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Tuesday, February 10, 2009

Lots of angst today about Obama's DOJ retaining Bush administration policy on state secrets and extraordinary rendition. (Via MeFi; here's a more Obama-friendly take on this than the ACLU's. Here's a rather less one.) I don't like this, and it's a clear early sign that even a government that runs on 100% Pure Love can't be trusted with the sort of extreme executive power that was gleefully handed over to Bush/Cheney by the GOP and the media powers-that-be.

Patrick Leahy's right: we need to set a precedent that abuse will not be tolerated.

We need to get to the bottom of what happened -- and why -- so we make sure it never happens again.

One path to that goal would be a reconciliation process and truth commission. We could develop and authorize a person or group of people universally recognized as fair minded, and without axes to grind. Their straightforward mission would be to find the truth. People would be invited to come forward and share their knowledge and experiences, not for purposes of constructing criminal indictments, but to assemble the facts. If needed, such a process could involve subpoena powers, and even the authority to obtain immunity from prosecutions in order to get to the whole truth.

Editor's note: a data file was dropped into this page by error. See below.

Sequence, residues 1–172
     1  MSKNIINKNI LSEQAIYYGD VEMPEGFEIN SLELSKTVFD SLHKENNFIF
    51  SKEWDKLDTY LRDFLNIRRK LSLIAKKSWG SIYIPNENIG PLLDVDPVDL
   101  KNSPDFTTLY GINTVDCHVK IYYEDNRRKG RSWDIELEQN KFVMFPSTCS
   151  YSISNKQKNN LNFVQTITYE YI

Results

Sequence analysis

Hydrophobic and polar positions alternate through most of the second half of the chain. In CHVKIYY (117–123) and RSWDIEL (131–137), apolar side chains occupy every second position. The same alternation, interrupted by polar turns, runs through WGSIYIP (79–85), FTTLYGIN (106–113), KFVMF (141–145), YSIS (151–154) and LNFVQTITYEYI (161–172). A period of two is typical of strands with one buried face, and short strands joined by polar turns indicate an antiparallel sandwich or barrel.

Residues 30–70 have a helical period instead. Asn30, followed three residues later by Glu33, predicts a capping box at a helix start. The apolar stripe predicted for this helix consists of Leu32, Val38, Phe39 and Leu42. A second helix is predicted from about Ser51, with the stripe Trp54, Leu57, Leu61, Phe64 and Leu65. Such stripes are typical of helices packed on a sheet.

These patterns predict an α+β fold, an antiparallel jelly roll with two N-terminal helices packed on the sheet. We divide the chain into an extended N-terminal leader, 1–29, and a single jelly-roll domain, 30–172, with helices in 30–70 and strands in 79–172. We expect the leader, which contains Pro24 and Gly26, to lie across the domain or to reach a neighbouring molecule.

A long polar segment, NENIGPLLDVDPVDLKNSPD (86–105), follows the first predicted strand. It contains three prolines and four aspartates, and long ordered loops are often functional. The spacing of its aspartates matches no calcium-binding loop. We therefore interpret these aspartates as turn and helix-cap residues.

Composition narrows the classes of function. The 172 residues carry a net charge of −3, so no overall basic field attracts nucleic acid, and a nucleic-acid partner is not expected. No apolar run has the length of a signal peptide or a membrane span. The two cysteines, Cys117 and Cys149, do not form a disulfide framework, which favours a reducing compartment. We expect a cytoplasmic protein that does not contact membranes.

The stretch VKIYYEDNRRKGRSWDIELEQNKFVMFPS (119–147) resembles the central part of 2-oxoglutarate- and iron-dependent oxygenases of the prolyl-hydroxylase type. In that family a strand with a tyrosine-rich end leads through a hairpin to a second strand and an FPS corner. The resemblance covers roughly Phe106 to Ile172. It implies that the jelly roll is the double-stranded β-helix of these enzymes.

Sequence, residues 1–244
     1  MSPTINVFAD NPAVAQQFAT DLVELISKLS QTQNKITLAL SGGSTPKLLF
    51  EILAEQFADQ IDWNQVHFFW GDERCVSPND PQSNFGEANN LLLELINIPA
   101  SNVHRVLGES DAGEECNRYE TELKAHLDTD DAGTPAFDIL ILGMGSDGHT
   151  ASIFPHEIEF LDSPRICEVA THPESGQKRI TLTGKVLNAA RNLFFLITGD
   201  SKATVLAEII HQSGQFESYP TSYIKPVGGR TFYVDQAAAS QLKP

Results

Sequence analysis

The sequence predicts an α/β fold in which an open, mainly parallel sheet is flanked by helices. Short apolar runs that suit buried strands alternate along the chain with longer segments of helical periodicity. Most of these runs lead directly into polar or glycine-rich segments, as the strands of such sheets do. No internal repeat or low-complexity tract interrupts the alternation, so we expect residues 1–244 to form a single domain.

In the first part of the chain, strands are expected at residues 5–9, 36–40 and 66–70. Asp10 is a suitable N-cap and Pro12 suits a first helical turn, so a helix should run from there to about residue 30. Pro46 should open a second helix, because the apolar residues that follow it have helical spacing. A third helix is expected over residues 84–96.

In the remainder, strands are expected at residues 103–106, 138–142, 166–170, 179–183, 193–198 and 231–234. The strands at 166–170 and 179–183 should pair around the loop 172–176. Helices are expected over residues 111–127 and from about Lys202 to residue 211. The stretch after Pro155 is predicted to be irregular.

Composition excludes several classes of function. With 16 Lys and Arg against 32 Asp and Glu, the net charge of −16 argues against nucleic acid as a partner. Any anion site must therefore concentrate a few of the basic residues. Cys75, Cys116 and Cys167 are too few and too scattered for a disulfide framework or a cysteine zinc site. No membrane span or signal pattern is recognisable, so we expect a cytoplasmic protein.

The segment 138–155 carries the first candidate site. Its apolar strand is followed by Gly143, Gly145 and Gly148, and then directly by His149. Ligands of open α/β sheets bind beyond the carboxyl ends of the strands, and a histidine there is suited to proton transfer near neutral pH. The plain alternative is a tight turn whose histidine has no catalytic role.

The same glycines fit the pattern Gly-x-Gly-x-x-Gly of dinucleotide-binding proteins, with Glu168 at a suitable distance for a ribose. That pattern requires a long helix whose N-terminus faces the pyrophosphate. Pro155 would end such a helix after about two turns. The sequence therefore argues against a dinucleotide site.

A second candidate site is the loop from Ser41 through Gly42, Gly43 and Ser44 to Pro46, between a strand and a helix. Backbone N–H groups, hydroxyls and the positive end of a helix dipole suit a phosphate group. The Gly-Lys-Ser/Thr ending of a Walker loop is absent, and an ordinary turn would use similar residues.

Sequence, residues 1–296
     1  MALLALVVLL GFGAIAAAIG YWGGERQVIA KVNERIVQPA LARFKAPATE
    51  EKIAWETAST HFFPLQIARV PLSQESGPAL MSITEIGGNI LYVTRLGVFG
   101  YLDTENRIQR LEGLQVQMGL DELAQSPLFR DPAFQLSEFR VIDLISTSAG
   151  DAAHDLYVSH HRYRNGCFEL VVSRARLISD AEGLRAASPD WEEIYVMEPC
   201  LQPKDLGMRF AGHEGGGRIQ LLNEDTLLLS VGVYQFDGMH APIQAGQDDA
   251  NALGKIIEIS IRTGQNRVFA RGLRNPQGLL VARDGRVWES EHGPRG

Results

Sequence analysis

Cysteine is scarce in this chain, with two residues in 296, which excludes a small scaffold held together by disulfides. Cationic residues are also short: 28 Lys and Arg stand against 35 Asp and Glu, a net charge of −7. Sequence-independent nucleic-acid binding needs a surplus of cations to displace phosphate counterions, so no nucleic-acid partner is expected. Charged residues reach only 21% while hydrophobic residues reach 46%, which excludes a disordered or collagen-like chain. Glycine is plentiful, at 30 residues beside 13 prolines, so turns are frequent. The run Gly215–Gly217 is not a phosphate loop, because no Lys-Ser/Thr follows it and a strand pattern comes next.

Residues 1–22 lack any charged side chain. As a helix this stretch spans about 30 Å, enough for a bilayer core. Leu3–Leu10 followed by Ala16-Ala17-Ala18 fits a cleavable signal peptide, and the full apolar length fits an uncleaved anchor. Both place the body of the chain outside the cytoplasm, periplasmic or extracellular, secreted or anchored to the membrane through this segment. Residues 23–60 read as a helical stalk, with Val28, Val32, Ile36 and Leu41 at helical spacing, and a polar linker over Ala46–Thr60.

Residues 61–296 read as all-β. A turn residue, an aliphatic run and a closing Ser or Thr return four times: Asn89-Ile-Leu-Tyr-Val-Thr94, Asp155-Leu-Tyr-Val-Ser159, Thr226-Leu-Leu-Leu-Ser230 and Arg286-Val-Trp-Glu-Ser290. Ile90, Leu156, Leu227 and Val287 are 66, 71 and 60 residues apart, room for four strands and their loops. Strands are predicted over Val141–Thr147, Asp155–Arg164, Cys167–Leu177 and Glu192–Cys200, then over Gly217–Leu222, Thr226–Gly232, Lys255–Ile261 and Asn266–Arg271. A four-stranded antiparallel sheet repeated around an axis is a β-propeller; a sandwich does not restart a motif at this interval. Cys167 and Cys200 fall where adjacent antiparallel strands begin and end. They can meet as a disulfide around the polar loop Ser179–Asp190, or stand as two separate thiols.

I've been in favor of (at least) the truth and reconciliation model for some time. There has to be an accounting. What happened has to be aired and expiated. Obama doesn't want to waste his political capital "looking backward" and I don't blame him—that's what Congress is for.